Regarding metrics, are there not other metrics other than ARV that you look for? I'm thinking of things like days on market, average monthly mortgage v. rental, $ of proposed development, crime, schools, etc. Where I am in NoMa, home values are rising rapidly, and Trinidad is turning, so it seems like Ivy City is a logical next step, but not sure if there will be some reason that this neighborhood is slower to appreciate/ be attractive to millenials than others. I'm wondering if there are good ways to use the available data and crunch numbers to see if there are some quick stats that would show a good place to invest. For example, what is the 5 year moving average of sale price, or % increase on sales per year, or trends on the days on market margin. Seems like you could put together a set of metrics that you could use to give you the trajectory of a neighborhood and from that anticipate correctly what the "tipping point" for investment would be.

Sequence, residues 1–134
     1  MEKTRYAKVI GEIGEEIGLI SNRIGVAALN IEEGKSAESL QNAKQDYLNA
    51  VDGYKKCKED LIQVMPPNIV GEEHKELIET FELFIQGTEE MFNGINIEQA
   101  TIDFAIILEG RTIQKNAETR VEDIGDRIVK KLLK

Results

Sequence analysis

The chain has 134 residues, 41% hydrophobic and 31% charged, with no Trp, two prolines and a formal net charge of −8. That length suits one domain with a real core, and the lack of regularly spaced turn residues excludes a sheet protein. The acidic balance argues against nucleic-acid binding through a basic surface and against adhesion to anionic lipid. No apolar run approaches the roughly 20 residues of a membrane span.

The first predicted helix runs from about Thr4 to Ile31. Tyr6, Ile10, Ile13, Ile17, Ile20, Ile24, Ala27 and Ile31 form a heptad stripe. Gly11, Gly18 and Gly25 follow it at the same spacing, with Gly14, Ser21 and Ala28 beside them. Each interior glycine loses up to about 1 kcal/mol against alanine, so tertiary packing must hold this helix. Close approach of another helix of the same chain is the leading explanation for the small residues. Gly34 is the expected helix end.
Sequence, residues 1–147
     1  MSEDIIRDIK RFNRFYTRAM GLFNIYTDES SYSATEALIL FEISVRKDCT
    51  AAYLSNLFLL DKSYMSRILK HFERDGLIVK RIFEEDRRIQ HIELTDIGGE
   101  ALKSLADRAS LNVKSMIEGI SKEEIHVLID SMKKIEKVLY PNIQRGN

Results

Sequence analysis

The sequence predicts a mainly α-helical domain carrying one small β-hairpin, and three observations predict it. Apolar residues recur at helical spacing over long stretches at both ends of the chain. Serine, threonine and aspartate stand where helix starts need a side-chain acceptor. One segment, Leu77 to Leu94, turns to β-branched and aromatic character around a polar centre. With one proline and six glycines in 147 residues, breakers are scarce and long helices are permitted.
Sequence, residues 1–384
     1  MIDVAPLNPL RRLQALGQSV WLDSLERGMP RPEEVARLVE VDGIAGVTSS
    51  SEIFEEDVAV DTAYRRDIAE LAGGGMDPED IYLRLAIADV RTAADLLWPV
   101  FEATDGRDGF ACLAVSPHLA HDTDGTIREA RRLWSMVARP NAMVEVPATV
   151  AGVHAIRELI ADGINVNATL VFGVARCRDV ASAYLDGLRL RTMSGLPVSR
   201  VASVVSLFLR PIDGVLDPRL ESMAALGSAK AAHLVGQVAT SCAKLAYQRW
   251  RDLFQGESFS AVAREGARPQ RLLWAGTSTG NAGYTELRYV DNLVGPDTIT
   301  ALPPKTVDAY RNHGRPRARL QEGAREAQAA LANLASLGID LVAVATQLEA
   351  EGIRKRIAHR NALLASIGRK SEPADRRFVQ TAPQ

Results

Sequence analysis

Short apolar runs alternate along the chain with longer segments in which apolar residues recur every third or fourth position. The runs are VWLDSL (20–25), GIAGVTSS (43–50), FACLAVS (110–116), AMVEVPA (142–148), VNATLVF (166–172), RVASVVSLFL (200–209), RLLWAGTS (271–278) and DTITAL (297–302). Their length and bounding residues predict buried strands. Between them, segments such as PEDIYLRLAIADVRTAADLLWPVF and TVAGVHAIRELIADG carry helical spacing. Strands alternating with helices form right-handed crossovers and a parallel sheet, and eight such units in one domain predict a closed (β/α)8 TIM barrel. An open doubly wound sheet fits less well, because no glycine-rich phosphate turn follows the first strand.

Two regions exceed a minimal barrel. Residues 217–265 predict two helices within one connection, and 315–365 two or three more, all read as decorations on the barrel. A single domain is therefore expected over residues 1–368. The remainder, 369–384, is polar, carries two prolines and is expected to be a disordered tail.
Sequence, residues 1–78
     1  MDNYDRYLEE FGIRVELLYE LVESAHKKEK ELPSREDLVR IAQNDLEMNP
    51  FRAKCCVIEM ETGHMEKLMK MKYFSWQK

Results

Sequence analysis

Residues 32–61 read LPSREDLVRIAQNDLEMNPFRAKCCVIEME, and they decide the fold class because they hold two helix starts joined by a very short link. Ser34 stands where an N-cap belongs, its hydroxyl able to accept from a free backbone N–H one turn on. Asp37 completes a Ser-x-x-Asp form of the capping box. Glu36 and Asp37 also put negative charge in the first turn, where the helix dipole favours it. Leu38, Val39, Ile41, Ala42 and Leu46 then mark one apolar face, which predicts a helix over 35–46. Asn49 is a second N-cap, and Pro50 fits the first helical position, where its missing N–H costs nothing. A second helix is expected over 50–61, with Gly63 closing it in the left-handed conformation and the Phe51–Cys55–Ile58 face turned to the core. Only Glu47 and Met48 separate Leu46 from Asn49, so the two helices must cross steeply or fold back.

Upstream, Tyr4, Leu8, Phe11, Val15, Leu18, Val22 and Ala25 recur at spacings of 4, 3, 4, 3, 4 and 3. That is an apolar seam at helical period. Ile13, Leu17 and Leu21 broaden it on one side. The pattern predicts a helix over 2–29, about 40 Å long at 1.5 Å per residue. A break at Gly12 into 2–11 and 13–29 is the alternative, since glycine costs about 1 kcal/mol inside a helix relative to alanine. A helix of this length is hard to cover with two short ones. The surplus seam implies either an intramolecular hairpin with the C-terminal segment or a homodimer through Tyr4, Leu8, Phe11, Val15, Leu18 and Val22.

Currently my strategy is to put in the work to find distressed homes in healthy neighborhoods that are a potential for value add, but I'd also like to look for things in up-and-coming neighborhoods.

I was thinking about this for flipping because I don't want to get stuck holding a property that won't move, so I understand that many of these things might be better for a buy or hold strategy.

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Hey Bobby,

I think all of the metrics you mentioned are useful, especially if you're contemplating a buy and hold strategy. If I'm looking strictly at a flip investment in a neighborhood, I typically go back and check the sales records for the past six months. If you go back any further, you're looking at potentially out-of-date data. If it's a neighborhood with a ton of sales, then I'll shorten how far back I'm looking.